The Middle School World Language Program is a proficiency-based model that uses the American Council on the Teaching of Foreign Languages (ACTFL) framework.
Making connections and comparisons to other languages and cultures also helps students better understand their own language and culture. Students build higher-level thinking skills through language learning; through rich communicative, cultural, and cross-curricular experiences balanced with a study of formal aspects of language, students come to express themselves and interact appropriately in authentic cross-cultural contexts.
At ASD we believe that the acquisition of a language requires a commitment to one language over an extended period of time. Changes between different/new languages are detrimental to learning. Student-initiated requests to change a language will not be considered. Parent-initiated requests which provide a clear rationale will be considered on a case-by-case basis.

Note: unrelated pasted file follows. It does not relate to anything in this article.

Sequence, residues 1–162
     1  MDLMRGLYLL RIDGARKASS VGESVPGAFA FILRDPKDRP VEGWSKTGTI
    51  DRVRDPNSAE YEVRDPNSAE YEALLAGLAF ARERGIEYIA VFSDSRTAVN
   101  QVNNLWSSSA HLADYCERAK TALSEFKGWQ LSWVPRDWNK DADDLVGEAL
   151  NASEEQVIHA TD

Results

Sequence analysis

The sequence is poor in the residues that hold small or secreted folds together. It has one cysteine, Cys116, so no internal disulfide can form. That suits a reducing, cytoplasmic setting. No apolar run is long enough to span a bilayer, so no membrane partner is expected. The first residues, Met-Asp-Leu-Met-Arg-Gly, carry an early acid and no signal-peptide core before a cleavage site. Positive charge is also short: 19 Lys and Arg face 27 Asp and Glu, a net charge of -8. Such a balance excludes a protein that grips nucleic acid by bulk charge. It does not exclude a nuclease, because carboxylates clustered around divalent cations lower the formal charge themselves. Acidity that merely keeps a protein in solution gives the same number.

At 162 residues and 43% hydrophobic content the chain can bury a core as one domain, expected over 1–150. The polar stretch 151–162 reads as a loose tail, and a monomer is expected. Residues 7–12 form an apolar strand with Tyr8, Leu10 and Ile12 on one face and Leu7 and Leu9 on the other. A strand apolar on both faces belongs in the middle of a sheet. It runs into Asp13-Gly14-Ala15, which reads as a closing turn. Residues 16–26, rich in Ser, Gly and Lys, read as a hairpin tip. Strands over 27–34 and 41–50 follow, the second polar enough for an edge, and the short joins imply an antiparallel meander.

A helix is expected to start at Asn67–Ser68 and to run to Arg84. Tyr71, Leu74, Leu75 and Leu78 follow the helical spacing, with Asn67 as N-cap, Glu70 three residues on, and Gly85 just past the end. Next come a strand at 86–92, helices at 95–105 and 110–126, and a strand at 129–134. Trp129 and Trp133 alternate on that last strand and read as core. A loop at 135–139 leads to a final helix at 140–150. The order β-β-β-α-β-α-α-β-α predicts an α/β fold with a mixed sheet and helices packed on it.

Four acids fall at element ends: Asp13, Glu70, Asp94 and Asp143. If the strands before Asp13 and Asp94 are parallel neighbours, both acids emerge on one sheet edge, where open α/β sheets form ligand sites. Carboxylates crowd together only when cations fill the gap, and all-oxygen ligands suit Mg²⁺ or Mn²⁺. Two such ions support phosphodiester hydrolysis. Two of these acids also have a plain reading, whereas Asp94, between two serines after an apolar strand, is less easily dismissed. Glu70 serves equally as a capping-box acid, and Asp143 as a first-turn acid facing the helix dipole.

How We Measure Proficiency Using ACTFL Guidelines
The term “heritage learner” is used to describe students who speak the target language at home. There are many levels within this term. As part of the transition to High School, 8th graders who are heritage French and Spanish speakers are placed based on their assessed proficiency in the language whether or not they had been enrolled in that language in Middle School. The objective of this placement is to appropriately place students in the course that would best suit their needs as learners. In some cases, this can mean that students are placed in Spanish/French Literature and Civilization, a course designed to meet the needs of students who have exceeded the proficiency level required for success in AP. This may mean that, while students will not be eligible to take the AP course, they will be supported if and when they choose to take the AP exam for that language.